Last week, the South Carolina Ethics Commission handed down an advisory opinion at the behest of a certain Midlands lawmaker.

The advisory ruling said that a group advocating tuition tax credits in the General Assembly could be forced, under the threat of criminal prosecution, to disclose the sources and outlays of its finances.

It all started a few weeks ago when a school tax credit bill endorsed by Gov. Mark Sanford was being debated in the House of Representatives.

In the opposition camp was Rep. Bill Cotty (R-Richland). During the debate, some radio ads and direct mail campaign materials were sent out in Cotty’s district.

The ads were paid for by South Carolinians for Responsible Government — a school choice/voucher advocacy group that firmly supports Gov. Sanford’s public school program of tax credits and neighborhood schools.

Cotty faces Sherri Few in the June 13 primary. Few, incidently, also firmly supports school choice initiatives.

The radio spots, which ran within 45 days of the June 13 primary, urged listeners to contact Cotty’s office and tell him to get behind a plan that bestowed a $1,000 tax credit for parents to use to send their children to private schools.

Cotty felt he was being targeted by the ads and wanted the SCRG to file financial disclosure reports with the state election commission because he contended the group was trying to influence his primary challenge from Few.

Cotty told The State the ads “are clearly intended to influence the election against me. It’s like being attacked by carpetbaggers.”

The SCRG refused to file disclosure forms, saying they were only trying to “inform voters,” so Cotty asked for an advisory opinion on the matter from the Ethics Commission.

Most of the people who oppose school choice/tuition tax credits initiatives suspect that SCRG is financed largely by out-of-state national school choice groups who want to make South Carolina its test case for expected federal litigation should these measures pass the General Assembly.

While last Wednesday’s ruling did not specifically identify SCRG, it was still pretty easy to figure out what the Ethics Commission was addressing.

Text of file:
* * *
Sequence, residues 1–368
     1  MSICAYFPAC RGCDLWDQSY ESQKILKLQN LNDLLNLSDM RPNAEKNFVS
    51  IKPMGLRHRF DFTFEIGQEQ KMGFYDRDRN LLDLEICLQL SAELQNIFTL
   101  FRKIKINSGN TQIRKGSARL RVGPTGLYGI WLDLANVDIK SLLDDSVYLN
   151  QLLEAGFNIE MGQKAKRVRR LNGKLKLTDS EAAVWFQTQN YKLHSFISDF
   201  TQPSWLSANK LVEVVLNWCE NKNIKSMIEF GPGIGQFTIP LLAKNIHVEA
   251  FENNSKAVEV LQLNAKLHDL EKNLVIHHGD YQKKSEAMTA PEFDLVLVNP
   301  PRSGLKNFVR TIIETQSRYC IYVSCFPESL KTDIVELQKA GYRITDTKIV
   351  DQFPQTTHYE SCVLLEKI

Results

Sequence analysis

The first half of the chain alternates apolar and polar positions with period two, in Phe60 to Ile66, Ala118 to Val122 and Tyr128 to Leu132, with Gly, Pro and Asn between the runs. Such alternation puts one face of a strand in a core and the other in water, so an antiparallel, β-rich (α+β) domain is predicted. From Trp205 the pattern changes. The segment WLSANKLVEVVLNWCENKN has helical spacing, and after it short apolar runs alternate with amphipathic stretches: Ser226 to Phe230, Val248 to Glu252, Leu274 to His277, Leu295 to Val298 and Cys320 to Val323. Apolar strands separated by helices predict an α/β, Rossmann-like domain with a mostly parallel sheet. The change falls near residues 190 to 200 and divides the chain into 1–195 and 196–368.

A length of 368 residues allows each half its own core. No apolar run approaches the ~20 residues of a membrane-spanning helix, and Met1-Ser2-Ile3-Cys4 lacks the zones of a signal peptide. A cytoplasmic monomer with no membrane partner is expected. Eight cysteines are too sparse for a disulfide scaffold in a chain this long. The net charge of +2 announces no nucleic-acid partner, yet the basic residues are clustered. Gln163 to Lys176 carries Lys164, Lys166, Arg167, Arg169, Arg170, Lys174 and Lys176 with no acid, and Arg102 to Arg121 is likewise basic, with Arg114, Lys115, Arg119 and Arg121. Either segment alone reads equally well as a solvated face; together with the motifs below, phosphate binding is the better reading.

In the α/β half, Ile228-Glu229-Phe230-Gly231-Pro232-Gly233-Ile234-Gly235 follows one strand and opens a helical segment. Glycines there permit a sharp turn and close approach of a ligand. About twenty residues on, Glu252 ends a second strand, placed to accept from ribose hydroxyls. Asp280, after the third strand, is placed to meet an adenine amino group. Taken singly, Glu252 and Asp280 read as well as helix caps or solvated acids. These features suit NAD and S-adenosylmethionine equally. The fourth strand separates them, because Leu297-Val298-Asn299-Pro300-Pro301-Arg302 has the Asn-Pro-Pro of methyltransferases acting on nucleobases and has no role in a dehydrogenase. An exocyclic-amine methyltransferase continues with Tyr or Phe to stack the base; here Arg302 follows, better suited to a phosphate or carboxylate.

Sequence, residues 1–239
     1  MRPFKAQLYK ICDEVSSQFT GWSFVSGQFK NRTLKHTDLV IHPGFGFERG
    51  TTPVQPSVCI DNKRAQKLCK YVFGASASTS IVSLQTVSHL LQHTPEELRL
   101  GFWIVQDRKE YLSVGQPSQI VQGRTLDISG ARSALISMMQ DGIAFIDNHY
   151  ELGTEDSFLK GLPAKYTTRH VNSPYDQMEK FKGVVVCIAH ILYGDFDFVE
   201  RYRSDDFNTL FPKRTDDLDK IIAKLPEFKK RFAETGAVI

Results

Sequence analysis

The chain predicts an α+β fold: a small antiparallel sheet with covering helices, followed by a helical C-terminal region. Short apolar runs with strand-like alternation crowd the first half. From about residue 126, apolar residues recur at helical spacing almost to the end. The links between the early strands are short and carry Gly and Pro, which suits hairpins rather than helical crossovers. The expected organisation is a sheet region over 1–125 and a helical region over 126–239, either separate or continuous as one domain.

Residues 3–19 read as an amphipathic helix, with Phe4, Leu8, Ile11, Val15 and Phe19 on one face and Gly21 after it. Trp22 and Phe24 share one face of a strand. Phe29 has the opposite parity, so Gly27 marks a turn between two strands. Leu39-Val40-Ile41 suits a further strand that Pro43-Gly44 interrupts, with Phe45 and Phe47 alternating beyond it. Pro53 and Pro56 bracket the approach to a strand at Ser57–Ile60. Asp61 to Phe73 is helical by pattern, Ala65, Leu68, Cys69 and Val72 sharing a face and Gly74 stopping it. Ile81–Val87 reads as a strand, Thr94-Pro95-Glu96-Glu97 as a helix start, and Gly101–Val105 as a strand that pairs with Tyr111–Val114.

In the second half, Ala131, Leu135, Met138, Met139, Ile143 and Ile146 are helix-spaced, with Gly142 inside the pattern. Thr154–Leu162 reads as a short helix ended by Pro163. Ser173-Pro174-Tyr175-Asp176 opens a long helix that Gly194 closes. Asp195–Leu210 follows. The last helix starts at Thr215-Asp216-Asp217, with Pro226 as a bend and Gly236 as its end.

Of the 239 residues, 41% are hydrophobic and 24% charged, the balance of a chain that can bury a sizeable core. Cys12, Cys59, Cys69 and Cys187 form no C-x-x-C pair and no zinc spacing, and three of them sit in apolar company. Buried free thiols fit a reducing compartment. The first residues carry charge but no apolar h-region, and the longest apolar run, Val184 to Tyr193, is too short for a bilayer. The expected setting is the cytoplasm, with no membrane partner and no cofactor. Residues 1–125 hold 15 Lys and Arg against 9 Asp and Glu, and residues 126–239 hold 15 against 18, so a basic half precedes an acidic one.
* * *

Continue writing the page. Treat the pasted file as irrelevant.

The best part of this story is that an old ghost got to put his mug in front of the cameras once again.

Cotty’s lawyer in this case is none other than The Wandering Eye’s favorite fascist: former S.C. Attorney General Charlie Condon.

The only bummer about Condon’s name being in the news was that The Eye totally agreed with his argument.


He tossed out a couple of his signature high-horse pronouncements after the ruling.

“This ruling indicates SCRG is subject to our state’s laws,” said Condon to The State.

To the Post & Courier, Condon commented, “It makes it crystal clear … that being an IRS nonprofit doesn’t obviate the need to comply with state law.”

What The Eye would like to know is: did Charlie Condon ever give these guys money because The Eye already knows he’d be kissing their asses if he was still on the campaign trail.

Condon says he and Cotty are considering a number of options, including a formal complaint to the Ethics Commission (which would result in a SCRG-specific ruling) or a lawsuit to force financial declarations.

Regarding Cotty’s carpetbagger reference, Merrill did tell The State, “It’s laughable. If [Cotty] wants to claim that our 2,000 grassroots supporters are not South Carolinians, that’s his right. But I think they will take great offense at that.”

Merrill did, however, refuse the reporter’s request for a membership list.

So much for transparency in the political process!

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